Sunday, June 19, 2011

A Dad in the Making

My son is on the floor, busy with an art project while Jevo and I sit on the couch, reading. It's Friday night, which for us is reserved as a time to unwind and relax. We usually order pizza, watch a bit of TV and overall keep it low-key.

The project Max is working on is a present for my dad for Father's Day. These projects of his are pretty much the same: he takes a large scrapbook page and writes a message on the blank side, then proceeds to cover it with stickers. He's found some stickers he didn't know he had and is pasting the hell out of my father's sheet. Soon enough, you can barely see the "I love you papi" he'd written on it. I tell him the piece looks complete, but he wants to continue creating. I suggest he think of someone else he wants to make something special for, and I see his eyes drift toward Jevo.

I go up to him and ask if he wants help finding more paper. As we rummage through the supplies, he whispers that he wants to make something for Jevo. I help him find the right sheet and as I do so, he whispers that he has some great superhero stickers that he wants to give him and will use those. "I'm going to give him all of them, mommy," he tells me.

He's stumped though, by what to write him. He whispers to me that Jevo is not his dad, so he can't write "Happy Father's Day." I nod, wondering how to address this, when he continues: "but if you marry him, he'll be my other dad." I acknowledge that he's right and he asks, "so when are you going to marry him?" This is heading somewhere pretty complicated for a relaxing Friday night, so I side-step the question and say, "You know, he helps take care of you. Remember how tomorrow it's just you guys in the morning? He'll play with you and be here with you and probably take you on an adventure."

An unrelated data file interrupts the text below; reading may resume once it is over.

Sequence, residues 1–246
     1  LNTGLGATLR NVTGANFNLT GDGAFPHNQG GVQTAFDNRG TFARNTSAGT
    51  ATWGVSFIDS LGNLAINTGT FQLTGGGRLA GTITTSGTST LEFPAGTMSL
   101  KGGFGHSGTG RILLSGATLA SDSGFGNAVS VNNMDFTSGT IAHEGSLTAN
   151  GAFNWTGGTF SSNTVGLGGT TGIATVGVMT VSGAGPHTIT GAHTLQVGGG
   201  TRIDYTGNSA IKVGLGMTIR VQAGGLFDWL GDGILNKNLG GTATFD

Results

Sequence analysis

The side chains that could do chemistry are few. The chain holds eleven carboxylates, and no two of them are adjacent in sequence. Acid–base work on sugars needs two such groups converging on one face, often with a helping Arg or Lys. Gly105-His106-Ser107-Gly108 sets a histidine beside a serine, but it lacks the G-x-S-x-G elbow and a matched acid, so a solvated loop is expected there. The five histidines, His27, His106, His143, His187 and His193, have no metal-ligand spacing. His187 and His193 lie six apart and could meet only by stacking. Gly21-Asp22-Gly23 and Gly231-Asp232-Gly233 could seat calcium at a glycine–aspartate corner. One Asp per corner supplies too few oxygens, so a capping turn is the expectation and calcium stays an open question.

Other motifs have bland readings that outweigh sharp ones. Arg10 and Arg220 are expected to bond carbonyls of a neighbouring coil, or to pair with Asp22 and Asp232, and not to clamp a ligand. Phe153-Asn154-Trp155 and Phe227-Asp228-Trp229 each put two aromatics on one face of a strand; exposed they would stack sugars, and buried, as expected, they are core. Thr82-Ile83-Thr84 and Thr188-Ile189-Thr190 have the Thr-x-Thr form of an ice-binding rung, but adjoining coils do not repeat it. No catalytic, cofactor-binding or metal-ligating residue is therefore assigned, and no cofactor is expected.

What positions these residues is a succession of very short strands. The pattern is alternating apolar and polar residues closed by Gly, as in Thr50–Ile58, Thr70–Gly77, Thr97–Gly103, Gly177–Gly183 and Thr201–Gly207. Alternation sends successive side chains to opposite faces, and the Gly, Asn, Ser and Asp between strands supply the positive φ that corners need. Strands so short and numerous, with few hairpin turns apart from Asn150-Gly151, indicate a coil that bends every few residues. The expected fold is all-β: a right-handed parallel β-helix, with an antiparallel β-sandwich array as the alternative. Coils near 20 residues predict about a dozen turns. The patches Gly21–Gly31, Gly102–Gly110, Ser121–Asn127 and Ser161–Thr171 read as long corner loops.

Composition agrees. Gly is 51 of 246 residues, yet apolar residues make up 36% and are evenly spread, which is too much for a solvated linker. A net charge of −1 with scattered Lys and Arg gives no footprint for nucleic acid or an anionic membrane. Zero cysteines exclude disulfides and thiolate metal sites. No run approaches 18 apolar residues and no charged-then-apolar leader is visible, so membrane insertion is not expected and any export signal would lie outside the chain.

He settles down to his work and calls me over once again. He knows what he wants to say but needs my help spelling it all out. I write what he whispers on a piece of scrap paper and leave him to it. During all this, Jevo is buried in his newspaper, and I have no clue if he's aware of what's going on.

He finishes and doesn't want to wait till Sunday to give it to him. He hurtles toward Jevo and shoves his project at him, kinda yelling at him to look look look. It's another sheet covered in stickers, this time the huge superhero ones he was so excited to find earlier. In-between the stickers he's written "thank you for taking care of me." He's proud of himself and Jevo, it seems, is moved.

Bedtime comes along, and a very tired Max becomes a total pain in the ass. He's whiny, stalling, uncooperative. Worse, I'm frustrated by this seemingly from nowhere change and have zero patience for it. He wants to fight and I just want him to get in bed. Jevo knows it's been a rough couple of days on that front, with Max challenging every. single. thing. I. say. This meltdown is about to implode with my very own meltdown, when Jevo calls him over. He takes Max onto his lap and very quietly speaks to him. I catch some of what he says, that it's bedtime, that he needs to listen to mommy, that tomorrow will be lots of fun but only if he gets to bed, that he's so excited about all the fun things they'll be doing together. Max promptly settles down and gets in bed without another peep or fuss.